Leader of Opposition Simon Bridges is batting, almost singlehandedly, to take bilateral relationship with India to the next level on his first official visit to the country.
Mr Bridges is currently travelling in his first official visit along with National Party’s Foreign Affairs spokesperson Gerry Brownlee and the Kiwi-Indian MP Kanwaljit Singh Bakshi.
It seems that the National Party Leader has understood the nuances of doing business with India by being a friend first before talking about anything about business. At least this is what is coming out from Mr Bridges’ numerous public utterances and speeches in his ongoing India visit.
Earlier today speaking with The Indian Weekender from New Delhi over the phone, Mr Bridges acknowledged that given the size of India and the complexity of Indian political scene, it would be in our interest if the push for a more comprehensive relationship between the two countries comes from New Zealand government.
“If National Party forms next government I am committed to returning to India in 2021 as Prime Minister,” Mr Bridges said.
“Today, we have opportunities in front of us that we must seize if we want to see this relationship deepen, grow and prosper.
“India is the world’s fastest-growing major economy in recent years and by 2020 is expected to be the world’s 5th largest.
“With that growth, there is the opportunity for increased trade.
“New Zealand must ensure we are not sitting on our laurels, New Zealand understands that India is a fast-growing country and we want to ensure the foundation of our relationship we built over the past years is built on,” Mr Bridges said.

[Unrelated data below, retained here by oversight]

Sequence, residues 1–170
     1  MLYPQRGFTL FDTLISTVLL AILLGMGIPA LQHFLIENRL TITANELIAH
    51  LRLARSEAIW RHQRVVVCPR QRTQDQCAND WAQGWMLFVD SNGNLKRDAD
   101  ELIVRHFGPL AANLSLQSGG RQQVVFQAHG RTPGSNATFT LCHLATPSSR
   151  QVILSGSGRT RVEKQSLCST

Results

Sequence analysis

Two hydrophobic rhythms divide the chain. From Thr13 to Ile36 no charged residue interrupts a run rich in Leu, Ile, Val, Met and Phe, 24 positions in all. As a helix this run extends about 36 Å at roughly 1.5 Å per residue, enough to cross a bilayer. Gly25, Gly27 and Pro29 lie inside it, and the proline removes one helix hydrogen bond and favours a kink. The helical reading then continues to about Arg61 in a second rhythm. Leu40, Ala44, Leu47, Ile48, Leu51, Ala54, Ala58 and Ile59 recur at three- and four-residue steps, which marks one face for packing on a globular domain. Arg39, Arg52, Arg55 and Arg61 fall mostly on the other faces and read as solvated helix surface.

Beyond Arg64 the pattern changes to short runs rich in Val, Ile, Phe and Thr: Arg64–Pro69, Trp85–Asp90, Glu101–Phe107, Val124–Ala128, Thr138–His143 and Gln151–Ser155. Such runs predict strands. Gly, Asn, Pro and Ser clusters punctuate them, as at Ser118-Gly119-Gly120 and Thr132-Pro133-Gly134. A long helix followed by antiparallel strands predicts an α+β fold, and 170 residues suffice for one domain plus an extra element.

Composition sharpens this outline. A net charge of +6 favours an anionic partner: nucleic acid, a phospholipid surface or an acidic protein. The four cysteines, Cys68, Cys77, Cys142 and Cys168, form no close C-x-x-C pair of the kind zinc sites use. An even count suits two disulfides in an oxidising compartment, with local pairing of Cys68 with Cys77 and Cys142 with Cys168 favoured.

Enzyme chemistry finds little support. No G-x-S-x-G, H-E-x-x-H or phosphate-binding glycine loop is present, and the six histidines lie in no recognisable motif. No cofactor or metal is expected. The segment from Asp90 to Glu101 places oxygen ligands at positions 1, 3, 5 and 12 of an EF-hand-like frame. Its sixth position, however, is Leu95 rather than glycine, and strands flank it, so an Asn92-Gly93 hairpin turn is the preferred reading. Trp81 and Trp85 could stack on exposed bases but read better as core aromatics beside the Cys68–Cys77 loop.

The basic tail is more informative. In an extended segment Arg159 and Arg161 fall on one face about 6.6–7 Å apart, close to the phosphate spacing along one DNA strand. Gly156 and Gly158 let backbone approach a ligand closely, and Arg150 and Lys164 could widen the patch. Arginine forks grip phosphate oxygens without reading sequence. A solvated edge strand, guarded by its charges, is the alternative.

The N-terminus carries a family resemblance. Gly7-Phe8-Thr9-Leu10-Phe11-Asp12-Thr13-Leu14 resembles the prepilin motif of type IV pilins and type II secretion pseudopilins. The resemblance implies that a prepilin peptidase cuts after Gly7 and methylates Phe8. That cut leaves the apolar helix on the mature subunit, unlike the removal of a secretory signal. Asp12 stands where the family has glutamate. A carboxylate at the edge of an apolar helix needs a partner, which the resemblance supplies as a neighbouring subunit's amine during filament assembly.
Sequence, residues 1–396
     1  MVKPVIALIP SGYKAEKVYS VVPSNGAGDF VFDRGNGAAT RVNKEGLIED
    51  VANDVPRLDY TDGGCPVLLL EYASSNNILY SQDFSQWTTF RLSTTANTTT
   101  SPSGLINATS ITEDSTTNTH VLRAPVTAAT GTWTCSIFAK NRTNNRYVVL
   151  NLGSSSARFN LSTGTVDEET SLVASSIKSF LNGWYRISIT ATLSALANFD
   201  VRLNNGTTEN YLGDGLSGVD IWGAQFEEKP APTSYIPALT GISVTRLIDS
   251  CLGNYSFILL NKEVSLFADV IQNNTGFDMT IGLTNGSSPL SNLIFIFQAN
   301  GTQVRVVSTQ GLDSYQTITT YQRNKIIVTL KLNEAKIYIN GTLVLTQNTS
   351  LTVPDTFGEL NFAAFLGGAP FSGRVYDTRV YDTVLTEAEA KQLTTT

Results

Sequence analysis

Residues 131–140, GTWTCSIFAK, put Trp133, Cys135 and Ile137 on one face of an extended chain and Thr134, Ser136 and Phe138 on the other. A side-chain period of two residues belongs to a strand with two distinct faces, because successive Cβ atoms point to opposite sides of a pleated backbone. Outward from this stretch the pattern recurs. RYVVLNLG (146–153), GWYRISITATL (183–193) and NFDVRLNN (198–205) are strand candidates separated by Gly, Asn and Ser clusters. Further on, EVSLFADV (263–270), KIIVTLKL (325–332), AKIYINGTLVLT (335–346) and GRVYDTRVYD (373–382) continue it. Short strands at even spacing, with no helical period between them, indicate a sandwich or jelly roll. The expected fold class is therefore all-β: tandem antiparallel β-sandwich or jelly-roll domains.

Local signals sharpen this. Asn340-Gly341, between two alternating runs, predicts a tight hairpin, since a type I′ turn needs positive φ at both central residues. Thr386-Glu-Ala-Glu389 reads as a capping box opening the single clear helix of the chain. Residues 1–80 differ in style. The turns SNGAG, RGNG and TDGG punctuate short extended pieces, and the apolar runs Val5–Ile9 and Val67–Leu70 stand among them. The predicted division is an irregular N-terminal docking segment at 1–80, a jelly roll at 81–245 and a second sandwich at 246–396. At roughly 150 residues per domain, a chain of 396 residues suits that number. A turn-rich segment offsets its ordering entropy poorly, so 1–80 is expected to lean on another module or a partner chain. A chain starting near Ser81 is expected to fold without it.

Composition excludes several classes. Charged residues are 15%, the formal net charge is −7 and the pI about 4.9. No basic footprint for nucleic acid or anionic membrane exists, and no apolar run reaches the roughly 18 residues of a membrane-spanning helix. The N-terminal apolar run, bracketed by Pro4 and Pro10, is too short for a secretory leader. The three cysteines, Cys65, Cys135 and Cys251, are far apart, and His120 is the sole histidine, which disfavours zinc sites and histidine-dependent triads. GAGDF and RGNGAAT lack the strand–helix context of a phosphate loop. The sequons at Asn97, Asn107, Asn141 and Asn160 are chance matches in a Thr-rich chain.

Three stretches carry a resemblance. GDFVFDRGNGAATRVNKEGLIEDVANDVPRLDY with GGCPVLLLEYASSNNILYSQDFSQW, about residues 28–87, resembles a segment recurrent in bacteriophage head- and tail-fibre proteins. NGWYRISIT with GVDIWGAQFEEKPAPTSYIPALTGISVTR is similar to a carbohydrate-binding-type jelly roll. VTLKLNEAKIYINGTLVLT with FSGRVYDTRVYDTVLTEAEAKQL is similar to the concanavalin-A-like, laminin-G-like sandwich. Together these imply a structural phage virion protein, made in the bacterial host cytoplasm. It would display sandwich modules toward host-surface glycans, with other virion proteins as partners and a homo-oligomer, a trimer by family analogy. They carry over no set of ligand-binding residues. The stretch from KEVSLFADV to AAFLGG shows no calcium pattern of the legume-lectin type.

National Party Leader at the office of Federation of Indian Chambers of Commerce of Industries (FICCI) in New Delhi
Visitors from India to New Zealand have more than doubled since 2011, with over 67,000 Indian tourists visiting New Zealand last year. India is New Zealand’s second-largest source of international students, with over 29,000 Indian students studying in New Zealand.
“The Government I lead will champion a direct flight between Auckland and Mumbai as the first stage in deepening our relationship,” Mr Bridges affirmed.
Leader of Opposition Simon Bridges taking a walk in New Delhi streets
Fixing visa delays a priority
Mr Bridges’ India visit coincided with a protest of disgruntled visa-applicants in front of Immigration New Zealand (INZ)’s Mumbai office, which is experiencing an unprecedented delay in processing-times of visas, particularly partnership-based visas.
Although Mr Bridges was not in Mumbai, but was acutely aware of the issue and related frustrations within applicants and their family members and expressed extreme dissatisfaction with the manner this issue was being dealt with.
“Presently, too many Indian nationals wanting to visit New Zealand for tourism or study face unreasonably long delays with Immigration New Zealand.”
“This did not use to be the case,” Mr Bridges said.
“Visa processing times have slipped significantly over the last two years. This uncertainty is now having a significant impact on tourism affecting smaller tourism businesses and international education providers who are losing out on this important market
This year alone tens of millions of dollars have been lost to New Zealand companies because students and visitors have not had their visas issues in time to start their studies or take their trip.
“This level of uncertainty is unacceptable, and I call on the New Zealand Government to invest in the Indian market and urgently fix this problem before more harm is done,” Mr Bridges said.